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Developing a Drug-of-Abuse Testing (DAT) Program

Beginning the process—actually taking that first step—is often the hardest part of any new effort. But you’ve already completed that difficult first step by acknowledging that drug abuse may be a problem in your organization. And you’ve taken the second step by seeking a solution to the problem.


This information can help you continue your progress toward that solution by guiding you through the steps of developing a drug-testing program. Urine testing for drugs-of-abuse can be a valuable part of your efforts to eliminate drug abuse within your organization. You probably have concerns and questions about starting a drug-testing program. Often, an organization’s first concern is the legality of drug testing. The courts have generally upheld employers’ right to test for drugs, if the testing is done carefully, and is based on a policy that is fairly applied and includes prior consent. However, the law in the area of drugs-ofabuse testing varies from state-to-state and is subject to frequent change. For this reason, employers should always obtain legal counsel when creating a drugtesting program, and whenever questions arise regarding the program.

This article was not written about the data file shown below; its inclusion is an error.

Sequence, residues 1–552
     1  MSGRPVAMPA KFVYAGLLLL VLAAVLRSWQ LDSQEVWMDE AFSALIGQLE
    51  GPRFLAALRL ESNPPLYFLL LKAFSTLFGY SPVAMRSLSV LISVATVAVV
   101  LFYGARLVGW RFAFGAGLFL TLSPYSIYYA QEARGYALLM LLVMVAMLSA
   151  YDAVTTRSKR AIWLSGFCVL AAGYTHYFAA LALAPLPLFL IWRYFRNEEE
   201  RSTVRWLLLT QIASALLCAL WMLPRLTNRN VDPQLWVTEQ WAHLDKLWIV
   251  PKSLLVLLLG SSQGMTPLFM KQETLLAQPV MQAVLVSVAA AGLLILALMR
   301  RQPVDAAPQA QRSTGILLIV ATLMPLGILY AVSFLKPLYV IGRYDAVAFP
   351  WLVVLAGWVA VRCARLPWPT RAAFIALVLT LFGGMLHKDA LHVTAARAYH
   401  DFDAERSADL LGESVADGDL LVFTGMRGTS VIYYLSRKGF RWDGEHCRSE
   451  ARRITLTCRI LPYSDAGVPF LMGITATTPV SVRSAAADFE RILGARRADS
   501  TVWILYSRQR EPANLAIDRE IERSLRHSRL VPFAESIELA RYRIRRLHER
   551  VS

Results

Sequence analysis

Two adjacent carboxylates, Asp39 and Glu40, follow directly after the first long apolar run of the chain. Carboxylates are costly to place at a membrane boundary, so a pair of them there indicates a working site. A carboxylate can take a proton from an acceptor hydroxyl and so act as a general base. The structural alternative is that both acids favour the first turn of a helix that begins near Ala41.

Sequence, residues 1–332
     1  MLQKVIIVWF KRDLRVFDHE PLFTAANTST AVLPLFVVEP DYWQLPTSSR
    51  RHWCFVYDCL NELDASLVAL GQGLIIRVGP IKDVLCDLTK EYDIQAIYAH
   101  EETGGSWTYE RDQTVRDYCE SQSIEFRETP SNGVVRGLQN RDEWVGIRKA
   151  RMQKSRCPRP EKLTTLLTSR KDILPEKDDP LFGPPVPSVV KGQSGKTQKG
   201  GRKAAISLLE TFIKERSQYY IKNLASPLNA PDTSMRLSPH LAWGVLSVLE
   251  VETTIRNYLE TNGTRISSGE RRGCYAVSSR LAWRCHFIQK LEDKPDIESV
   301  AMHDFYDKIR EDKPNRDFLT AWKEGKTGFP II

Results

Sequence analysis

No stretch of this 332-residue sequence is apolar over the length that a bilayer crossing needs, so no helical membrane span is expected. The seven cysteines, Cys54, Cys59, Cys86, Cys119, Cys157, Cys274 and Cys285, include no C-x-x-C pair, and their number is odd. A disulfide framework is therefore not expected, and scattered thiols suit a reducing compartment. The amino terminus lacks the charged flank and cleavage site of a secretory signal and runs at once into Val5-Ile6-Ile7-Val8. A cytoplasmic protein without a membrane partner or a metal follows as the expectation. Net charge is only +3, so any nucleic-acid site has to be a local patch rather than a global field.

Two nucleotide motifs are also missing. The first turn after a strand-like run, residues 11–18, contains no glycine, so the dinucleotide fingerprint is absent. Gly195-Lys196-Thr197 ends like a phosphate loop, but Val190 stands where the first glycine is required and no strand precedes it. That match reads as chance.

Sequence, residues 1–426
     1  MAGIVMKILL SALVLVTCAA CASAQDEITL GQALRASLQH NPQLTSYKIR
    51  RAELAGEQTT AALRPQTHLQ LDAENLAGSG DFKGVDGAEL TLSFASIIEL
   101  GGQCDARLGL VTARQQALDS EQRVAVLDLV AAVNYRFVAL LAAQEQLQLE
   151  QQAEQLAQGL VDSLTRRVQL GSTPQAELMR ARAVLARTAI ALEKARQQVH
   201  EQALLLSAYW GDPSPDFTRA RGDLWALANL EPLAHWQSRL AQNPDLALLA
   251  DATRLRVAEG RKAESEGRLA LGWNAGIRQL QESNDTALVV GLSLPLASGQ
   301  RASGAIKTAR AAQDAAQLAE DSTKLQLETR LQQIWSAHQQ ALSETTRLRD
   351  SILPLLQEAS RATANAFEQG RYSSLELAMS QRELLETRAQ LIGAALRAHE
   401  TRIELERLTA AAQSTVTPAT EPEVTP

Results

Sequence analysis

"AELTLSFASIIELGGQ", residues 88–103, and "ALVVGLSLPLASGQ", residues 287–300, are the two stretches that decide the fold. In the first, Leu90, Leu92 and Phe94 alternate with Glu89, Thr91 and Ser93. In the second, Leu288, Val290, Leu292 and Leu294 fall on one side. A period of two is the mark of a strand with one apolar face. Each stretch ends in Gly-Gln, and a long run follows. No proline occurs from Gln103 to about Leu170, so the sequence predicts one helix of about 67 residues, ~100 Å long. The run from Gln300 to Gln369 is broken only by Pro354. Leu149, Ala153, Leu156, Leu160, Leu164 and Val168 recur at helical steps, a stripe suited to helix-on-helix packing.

You may also be concerned about your employees’ response to being tested for drugs. Although drug testing is an emotional issue, employees simply do not want to work side-by-side with drug abusers.


A December 1989 Gallup poll of 1,007 workers showed that, of those employees whose companies did not have a drug-testing program, 66% favored their company implementing drug testing. More than 97% of employees favored drug testing in the workplace under some circumstances.1 Surveys consistently show that more and more companies are testing for drugs and that more and more employees are supporting drug testing. Furthermore, the number of positive test results has been declining.
 

Clearly, momentum toward a drug-free workplace is building. With so many companies already testing, a company that does not test may find itself increasingly vulnerable to lawsuits, in the event of a drug-related accident that might have otherwise been prevented by testing. This possibility, when combined with estimates that U.S. companies lose between $50 billion and $100 billion annually because of drug abuse,2 should encourage your organization to institute a drug-testing program.


A drug-testing program that maintains the highest quality standards should include (but need not be limited to) the following:

  • Comprehensive policies governing employee testing
  • Adequate notice to employees when a new program is initiated
  • Educational programs for supervisors and for all other employees
  • Sample handling and documentation procedures to ensure that the sample and the reported result were correctly matched
  • Proven test methods using stringent quality control measures
  • Strict adherence to confidentiality of test results
  • Program for counseling and rehabilitating the drug-abusing employee (usually referred to as an employee assistance program or EAP)